Approximately 110 years after the first landings by Cartier, there were only about 300 people in Quebe c. France gave land incentives for 2,000 migrants during the next decade. Early marriage was desperately encouraged amongst the immigrants. The fur trade attracted migrants, both noble and commoner. 15,000 explorers left Montreal in the late 17th and 18th centuries. By 1675, there were 7000 French in Quebec. Migration to New France (Quebec) continued from France until it fell in 1759. In the year 1675 the Acadian presence in Nova Scotia, New Brunswick and Prince Edward Island had reached 500. In 1755, 10,000 French Acadians refused to take an oath of allegiance to England and were deported to Louisiana. The French founded Lower Canada, thus becoming one of the two great founding nations of Canada. The distinguished family name Martinesque has made significant contributions to the culture, arts, sciences and religion of France and New France. Amongst the settlers in North America with this distinguished name Martinesque were Christopher Martin, who settled in Plymouth in 1620; Giles Martin, aged 23; who arrived in New England in 1623; Simon Martin, who immigrated to St Christopher in 1633.

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Martinesque Family Crest Products


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Martinesque Family Crest Products




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See Also


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See Also




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Citations


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Citations



    Other References

    1. De Ville, Winston. Gulf Coast Colonials, A Compendium of French Families in Early Eighteenth Century Louisiana. Baltimore, MD: Clearfield, 1999. Print.
    2. Rietstap, Johannes Baptist. Armorial Général. Baltimore: Genealogical Publishing Co. Print.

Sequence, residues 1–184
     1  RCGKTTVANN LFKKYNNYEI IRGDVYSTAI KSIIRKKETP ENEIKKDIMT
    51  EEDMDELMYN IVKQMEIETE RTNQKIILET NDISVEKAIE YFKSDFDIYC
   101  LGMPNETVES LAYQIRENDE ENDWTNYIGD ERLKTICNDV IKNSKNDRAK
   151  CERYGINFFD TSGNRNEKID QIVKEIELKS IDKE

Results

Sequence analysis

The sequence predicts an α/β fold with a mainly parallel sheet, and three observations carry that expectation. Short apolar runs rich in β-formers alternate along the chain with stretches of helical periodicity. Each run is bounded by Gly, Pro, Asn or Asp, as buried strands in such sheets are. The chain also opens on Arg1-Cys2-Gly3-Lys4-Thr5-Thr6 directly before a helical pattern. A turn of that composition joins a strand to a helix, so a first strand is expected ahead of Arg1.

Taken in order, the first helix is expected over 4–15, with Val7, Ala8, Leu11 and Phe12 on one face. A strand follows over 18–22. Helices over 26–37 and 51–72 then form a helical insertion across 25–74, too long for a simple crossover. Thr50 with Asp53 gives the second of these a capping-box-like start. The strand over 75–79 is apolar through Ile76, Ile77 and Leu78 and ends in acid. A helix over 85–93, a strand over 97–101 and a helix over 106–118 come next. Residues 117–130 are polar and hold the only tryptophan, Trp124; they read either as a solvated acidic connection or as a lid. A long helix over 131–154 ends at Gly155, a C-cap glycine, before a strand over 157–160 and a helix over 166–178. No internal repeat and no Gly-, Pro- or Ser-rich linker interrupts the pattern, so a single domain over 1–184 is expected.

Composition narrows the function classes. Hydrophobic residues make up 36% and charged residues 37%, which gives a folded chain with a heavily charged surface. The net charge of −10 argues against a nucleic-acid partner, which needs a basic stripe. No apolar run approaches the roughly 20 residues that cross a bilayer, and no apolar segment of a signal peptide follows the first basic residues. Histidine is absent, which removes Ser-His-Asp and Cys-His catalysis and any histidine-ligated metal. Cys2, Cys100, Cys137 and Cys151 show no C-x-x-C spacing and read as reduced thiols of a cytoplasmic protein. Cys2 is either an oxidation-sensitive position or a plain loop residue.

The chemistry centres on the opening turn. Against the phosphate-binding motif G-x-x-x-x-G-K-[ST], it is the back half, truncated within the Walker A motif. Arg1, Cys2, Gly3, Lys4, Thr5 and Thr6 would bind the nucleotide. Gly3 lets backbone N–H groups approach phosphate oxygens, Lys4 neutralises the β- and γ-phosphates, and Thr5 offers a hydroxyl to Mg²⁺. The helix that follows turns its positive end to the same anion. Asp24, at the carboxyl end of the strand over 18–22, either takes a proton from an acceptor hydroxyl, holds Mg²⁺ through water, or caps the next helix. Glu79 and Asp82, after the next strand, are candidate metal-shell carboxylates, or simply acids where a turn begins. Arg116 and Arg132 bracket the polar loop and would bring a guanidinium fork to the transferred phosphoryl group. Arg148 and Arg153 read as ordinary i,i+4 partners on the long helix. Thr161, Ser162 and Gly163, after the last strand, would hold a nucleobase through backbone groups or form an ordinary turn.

3. Filby, P. William and Mary K Meyer. Passenger and Immigration Lists Index in Four Volumes. Detroit: Gale Research, 1985. Print. (ISBN 0-8103-1795-8).
    4. Conrad, Glenn R. The First Families of Louisiana. Baton Rouge LA: Claitor's Publishing, 1970. Print.
    5. Rolland, and H.V. Rolland. Illustrations to the Armorial general by J. B. Rietstap 6 volumes in 3. Baltimore: Heraldic Book Company, 1976. Print.
    6. Zieber, Eugene. Heraldry in America. Philadelphia: Genealogical Publishing Co. Print.
    7. Best, Hugh. Debrett's Texas Peerage. New York: Coward-McCann, 1983. Print. (ISBN 069811244X).
    8. Guérard, Albert Léon. France: a Modern History. Ann Arbor: University of Michigan Press, 1959. Print.
    9. Bolton, Charles Knowles. Bolton's American Armory. Baltimore: Heraldic Book Company, 1964. Print.
    10. Bentley, Elizabeth P. Passenger Arrivals at the Port of New York 1820-1829. Baltimore, Maryland: Genealogical Publishing Co., 1999. Print.
    11. ...

    The Martinesque Family Crest was acquired from the Houseofnames.com archives. The Martinesque Family Crest was drawn according to heraldic standards based on published blazons. We generally include the oldest published family crest once associated with each surname.

    This page was last modified on 13 November 2013 at 14:04.